Nigel Williams-Goss had an outstanding game against Xavier.Ezra Shaw/Getty Images
Tyler Dorsey, Oregon
Tournament Stats: 24.5 PPG, 4.5 RPG, 1.5 APG, 1.5 SPG, 65.4% 3PT
Players who score with both high volume and high efficiency typically average around 1.5 points per field-goal attempt. Doug McDermott’s senior-year ratio was 1.49. Buddy Hield’s was 1.54. But in the tournament, Tyler Dorsey is sitting at 1.92 without even doing much damage from the free-throw line. It seems like he makes every shot he takes.
Dillon Brooks, Oregon
Tournament Stats: 16.5 PPG, 5.0 RPG, 3.3 APG, 39.1% 3PT
Dillon Brooks has probably only been the third-best player in the tournament for the Ducks, but the preseason All-American is still making quite the impact. He has scored at least 10 points in every game since the beginning of February while pitching in with a respectable number of rebounds and assists. He’s a jack of all trades who has been consistently filling up the box score for the past two years.
Jordan Bell, Oregon
Tournament Stats: 12.5 PPG, 12.5 RPG, 2.8 BPG, 1.8 APG
Jordan Bell stepped into the national spotlight with his eight blocks in Saturday night’s win over Kansas, but he has been a star in the paint for Oregon all season long. The big junior isn’t one of the go-to scorers for the Ducks, but he has recorded at least 12 rebounds in each tournament game. Without his presence in the paint, there’s no chance this team is still standing.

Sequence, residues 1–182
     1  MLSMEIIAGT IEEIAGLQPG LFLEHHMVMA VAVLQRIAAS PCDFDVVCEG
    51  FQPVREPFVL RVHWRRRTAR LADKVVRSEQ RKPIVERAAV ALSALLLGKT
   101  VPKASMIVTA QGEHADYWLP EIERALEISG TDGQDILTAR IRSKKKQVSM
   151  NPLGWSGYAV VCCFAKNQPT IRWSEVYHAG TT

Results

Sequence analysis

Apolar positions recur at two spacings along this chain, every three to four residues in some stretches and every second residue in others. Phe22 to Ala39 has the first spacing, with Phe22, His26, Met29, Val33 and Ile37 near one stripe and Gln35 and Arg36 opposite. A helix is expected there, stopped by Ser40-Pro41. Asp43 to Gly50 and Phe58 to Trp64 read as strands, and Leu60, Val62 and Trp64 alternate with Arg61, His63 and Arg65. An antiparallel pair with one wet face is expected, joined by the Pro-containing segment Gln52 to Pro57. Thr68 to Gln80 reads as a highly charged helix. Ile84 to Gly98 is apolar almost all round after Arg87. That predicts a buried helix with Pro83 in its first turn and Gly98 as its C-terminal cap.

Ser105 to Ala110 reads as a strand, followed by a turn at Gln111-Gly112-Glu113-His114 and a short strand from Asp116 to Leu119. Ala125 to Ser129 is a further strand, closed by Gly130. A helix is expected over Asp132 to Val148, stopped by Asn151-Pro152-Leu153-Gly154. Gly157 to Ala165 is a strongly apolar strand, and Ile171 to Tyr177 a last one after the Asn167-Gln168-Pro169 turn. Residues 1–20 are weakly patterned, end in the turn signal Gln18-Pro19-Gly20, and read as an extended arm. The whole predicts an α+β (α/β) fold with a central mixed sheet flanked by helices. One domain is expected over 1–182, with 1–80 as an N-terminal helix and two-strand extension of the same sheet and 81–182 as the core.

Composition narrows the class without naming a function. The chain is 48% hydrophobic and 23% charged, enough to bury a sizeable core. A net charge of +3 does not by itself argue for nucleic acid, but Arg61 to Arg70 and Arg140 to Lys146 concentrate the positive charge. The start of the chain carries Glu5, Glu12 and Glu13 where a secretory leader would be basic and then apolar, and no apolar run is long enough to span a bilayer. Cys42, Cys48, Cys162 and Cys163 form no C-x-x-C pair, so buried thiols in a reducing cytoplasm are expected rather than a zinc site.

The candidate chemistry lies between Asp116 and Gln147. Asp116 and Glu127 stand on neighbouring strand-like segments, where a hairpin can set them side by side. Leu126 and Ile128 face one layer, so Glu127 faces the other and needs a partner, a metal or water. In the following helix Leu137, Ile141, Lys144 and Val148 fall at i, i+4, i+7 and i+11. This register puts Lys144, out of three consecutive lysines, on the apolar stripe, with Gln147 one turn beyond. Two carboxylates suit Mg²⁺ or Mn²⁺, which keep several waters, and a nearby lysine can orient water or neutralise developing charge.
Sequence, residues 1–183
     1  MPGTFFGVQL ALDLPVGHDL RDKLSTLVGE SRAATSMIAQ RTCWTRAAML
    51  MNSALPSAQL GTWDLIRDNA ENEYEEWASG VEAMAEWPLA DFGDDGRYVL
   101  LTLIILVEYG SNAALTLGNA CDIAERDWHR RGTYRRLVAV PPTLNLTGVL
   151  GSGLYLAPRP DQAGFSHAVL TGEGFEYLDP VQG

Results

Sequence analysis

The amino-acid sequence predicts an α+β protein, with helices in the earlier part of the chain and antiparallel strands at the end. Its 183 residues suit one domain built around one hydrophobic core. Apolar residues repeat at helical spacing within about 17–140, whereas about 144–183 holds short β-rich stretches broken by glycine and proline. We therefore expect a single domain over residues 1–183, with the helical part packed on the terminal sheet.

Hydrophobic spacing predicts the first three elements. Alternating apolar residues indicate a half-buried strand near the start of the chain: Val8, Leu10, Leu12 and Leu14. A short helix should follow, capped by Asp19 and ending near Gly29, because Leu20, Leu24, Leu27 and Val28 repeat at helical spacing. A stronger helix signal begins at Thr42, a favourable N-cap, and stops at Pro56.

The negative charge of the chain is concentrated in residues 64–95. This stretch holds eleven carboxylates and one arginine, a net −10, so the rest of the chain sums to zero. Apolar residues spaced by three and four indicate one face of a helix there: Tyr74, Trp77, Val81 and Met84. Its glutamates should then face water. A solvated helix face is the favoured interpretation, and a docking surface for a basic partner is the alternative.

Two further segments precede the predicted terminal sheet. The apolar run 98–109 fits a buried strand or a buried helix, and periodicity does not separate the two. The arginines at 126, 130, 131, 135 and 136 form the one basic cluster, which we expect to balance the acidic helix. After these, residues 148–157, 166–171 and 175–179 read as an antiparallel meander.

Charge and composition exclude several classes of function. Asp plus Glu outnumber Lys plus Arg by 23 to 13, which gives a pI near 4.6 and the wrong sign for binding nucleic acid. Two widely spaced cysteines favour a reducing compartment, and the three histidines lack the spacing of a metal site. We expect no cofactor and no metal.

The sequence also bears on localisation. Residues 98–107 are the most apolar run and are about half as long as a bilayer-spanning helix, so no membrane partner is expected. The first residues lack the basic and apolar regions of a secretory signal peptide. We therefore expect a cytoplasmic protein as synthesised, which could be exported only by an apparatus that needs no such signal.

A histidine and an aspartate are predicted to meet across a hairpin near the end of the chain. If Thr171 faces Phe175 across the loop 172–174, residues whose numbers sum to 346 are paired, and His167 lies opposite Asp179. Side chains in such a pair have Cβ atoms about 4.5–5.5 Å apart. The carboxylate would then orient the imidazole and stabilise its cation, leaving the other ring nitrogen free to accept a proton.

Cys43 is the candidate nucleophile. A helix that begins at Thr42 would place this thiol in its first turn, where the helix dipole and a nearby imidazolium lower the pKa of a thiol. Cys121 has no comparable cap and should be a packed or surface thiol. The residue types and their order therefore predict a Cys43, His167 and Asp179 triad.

Nigel Williams-Goss, Gonzaga
Tournament Stats: 15.5 PPG, 7.5 RPG, 3.5 APG, 2.0 SPG
Nigel Williams-Goss has been hit-or-miss through the first four rounds. He was great against Northwestern and Xavier, but he struggled against South Dakota State and West Virginia. If the good version of Williams-Goss shows up for the final weekend, the Zags have a legitimate chance to win it all. With Lonzo Ball, Caleb Swanigan, Josh Hart and Frank Mason all gone, NWG is the closest thing to a National Player of the Year front-runner left in the dance.
Sindarius Thornwell, South Carolina
Tournament Stats: 25.8 PPG, 7.5 RPG, 2.5 APG, 2.0 SPG, 1.0 BPG, 42.3% 3PT
Dorsey has been incredible, but if you’re picking a Most Outstanding Player based on what we’ve seen through four rounds, it has to go to Sindarius Thornwell. Everyone in the building knows that he’s the guy South Carolina wants to get the ball to, and yet he has scored at least 24 points in every game while filling up the rest of the box score. We’re always on the lookout for the next Kemba Walker, and Thornwell is carrying his tournament team better than anyone else has since 2011.
Justin Jackson, North Carolina
Tournament Stats: 19.8 PPG, 6.3 RPG, 4.3 APG, 40.7% 3PT
The 2017 ACC Player of the Year brought his A game into the month of March, too. Justin Jackson has at least 15 points, five rebounds and three assists in each NCAA tournament game and was a key factor in shutting down the three-point attacks of Butler and Kentucky. Prior to Kentucky draining three straight triples in the final minute, those teams were a combined 12-of-44 (27.3 percent) from beyond the arc, struggling to find open looks against this 6’8″ wing.
Kennedy Meeks, North Carolina
Tournament Stats: 10.3 PPG, 11.3 RPG, 2.5 BPG, 1.0 SPG
North Carolina leads the nation in offensive rebound percentage, and Kennedy Meeks is the biggest reason why. The Tar Heels don’t run much offense through their senior center, but it’s probably because they know he’s going to get a fair number of points just by living on the glass. He already has 15 offensive rebounds in the tournament, 12 of which came in the nail-biters against Arkansas and Kentucky.
Final Four 2017: Full Breakdown, Predictions and Stars to Watch – Bleacher Report